Trial concluding for Hagerstown man accused of firing at police

October 18, 2012|By DON AINES |
  • Neil LaPine is led to a police cruiser by Hagerstown City Police Sgt. John Lehman after he barricaded himself inside a Little Hayden Circle home on Friday.
By Ric Dugan/Staff Photographer

A jury is expected to begin deliberations Friday in Washington County Circuit Court in the case of a Hagerstown man accused of firing a shot at police officers during a May standoff at his home.   

The trial of Neil Shawn LaPine, 49, of 12962 Little Hayden Circle, began Thursday before Judge Donald E. Beachley. LaPine is charged with four counts each of first- and second-degree assault and reckless endangerment, two counts of discharging a firearm within city limits and one count of use of a handgun in a crime of violence.

LaPine was taken into custody shortly after 3 p.m. on May 18 after an incident that began about three hours earlier. The state said LaPine fired intentionally, while the defense told jurors LaPine fired the handgun accidentally as he tripped over a rug.

In his opening statement, Deputy State’s Attorney Joseph Michael told the jury that LaPine was talking on the telephone with relatives and “making statements he might harm himself.” That prompted a relative to call police, who went to his house to check on his well-being, he said.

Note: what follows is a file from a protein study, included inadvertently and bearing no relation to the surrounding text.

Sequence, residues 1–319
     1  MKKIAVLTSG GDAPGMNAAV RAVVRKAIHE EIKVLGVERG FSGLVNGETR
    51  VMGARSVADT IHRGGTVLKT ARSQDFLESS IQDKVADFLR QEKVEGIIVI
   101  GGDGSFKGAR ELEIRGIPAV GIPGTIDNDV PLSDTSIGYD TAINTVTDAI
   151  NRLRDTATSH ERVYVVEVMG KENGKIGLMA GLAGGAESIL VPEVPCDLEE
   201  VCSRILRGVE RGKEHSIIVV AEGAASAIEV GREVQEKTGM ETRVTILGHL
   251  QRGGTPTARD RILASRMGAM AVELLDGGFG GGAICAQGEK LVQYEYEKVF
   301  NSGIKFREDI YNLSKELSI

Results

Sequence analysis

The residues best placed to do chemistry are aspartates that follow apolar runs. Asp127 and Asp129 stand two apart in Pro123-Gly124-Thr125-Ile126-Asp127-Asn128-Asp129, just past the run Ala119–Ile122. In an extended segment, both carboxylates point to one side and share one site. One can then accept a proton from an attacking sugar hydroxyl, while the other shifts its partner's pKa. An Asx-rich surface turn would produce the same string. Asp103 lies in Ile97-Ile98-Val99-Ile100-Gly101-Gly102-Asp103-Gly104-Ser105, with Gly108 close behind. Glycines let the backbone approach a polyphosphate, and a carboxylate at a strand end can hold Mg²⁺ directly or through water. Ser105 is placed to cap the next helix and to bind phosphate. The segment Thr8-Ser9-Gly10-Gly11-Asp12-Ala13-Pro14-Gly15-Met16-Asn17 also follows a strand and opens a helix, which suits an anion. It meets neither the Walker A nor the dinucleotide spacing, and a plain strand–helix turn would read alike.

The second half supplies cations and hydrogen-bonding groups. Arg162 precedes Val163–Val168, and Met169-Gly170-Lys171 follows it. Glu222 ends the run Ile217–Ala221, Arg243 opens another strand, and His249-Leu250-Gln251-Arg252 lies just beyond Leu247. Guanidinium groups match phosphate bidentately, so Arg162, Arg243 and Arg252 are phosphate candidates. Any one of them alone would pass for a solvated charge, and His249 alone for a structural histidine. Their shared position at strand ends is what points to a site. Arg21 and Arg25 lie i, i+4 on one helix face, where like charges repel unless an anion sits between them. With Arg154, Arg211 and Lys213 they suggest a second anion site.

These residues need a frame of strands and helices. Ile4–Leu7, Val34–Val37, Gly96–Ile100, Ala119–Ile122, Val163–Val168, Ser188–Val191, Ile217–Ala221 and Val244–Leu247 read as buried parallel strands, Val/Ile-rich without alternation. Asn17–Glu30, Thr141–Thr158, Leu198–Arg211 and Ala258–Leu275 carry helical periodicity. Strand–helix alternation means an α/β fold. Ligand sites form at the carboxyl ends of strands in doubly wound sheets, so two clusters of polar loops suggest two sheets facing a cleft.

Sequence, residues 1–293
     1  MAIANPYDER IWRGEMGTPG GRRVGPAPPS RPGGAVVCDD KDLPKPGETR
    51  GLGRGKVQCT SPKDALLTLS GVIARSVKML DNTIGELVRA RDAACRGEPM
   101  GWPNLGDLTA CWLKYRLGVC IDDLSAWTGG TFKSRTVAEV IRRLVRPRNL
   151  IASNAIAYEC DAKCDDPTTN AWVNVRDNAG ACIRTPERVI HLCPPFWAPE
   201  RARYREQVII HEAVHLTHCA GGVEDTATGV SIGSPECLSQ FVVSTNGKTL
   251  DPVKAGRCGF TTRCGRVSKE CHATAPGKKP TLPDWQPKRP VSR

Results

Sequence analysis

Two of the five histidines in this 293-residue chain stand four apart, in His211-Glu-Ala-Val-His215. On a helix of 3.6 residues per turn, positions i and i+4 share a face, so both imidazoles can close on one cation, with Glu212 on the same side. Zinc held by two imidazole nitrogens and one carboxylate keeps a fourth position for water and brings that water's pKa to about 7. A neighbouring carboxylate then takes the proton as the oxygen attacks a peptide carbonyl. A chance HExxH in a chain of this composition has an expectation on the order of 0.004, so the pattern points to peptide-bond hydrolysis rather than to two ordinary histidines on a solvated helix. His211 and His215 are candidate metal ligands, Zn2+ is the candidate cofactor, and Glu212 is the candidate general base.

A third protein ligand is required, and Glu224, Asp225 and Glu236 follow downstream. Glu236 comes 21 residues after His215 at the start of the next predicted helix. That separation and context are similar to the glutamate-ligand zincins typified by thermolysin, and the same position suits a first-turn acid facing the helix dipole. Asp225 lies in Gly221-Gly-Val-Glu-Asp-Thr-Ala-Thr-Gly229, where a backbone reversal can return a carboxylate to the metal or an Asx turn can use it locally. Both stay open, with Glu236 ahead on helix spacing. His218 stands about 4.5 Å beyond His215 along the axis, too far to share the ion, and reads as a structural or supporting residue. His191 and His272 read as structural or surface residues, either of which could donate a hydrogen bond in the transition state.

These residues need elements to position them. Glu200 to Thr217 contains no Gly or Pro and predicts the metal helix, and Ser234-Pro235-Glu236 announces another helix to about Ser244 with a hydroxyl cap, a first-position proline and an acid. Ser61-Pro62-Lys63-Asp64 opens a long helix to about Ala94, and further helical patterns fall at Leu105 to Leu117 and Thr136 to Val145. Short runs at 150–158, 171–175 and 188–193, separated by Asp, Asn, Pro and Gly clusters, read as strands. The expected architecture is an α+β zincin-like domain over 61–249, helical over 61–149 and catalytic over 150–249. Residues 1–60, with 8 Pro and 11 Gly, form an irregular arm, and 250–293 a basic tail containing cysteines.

Police arrived and tried to speak with LaPine, but “the communications from inside were hostile.” Michael said. Officers then heard a shot from inside, Michael said.

Michael also told jurors in his opening statement that there was no physical evidence - a shell casing or bullet hole - for that first shot.

Later, a police negotiator got LaPine to come out his front door, but he would not comply with officers’ orders and a “less-than-lethal” round from a 40-millimeter weapon was fired to stun him, Michael said.

Instead, LaPine went back inside his house and, as Special Response Teams approached his door, a second shot was fired through the door, Michael said.

About an hour after that, LaPine surrendered to police, Michael said.

“Mr. LaPine ... as a result of a breakup with a girlfriend and other factors in his life, was extremely depressed,” defense attorney John Salvatore told the jury. “He was basically just out there in a trance ... He had no intention of hurting anyone else.”

“He will tell you there was not a first shot” and that there was “zero evidence” a first one was fired, Salvatore said.

After being shot with the round - composed of a material designed to disintegrate on impact and release pepper spray - LaPine retreated into his house and got a weapon, Salvatore said.

As LaPine backed away from his front door “he tripped over a rug and the gun discharged,” Salvatore told the jury.

The jury heard from several police officers involved in the incident and the defense called LaPine to the stand late Thursday afternoon. One more defense witness was to testify Friday, Salvatore told Beachley.

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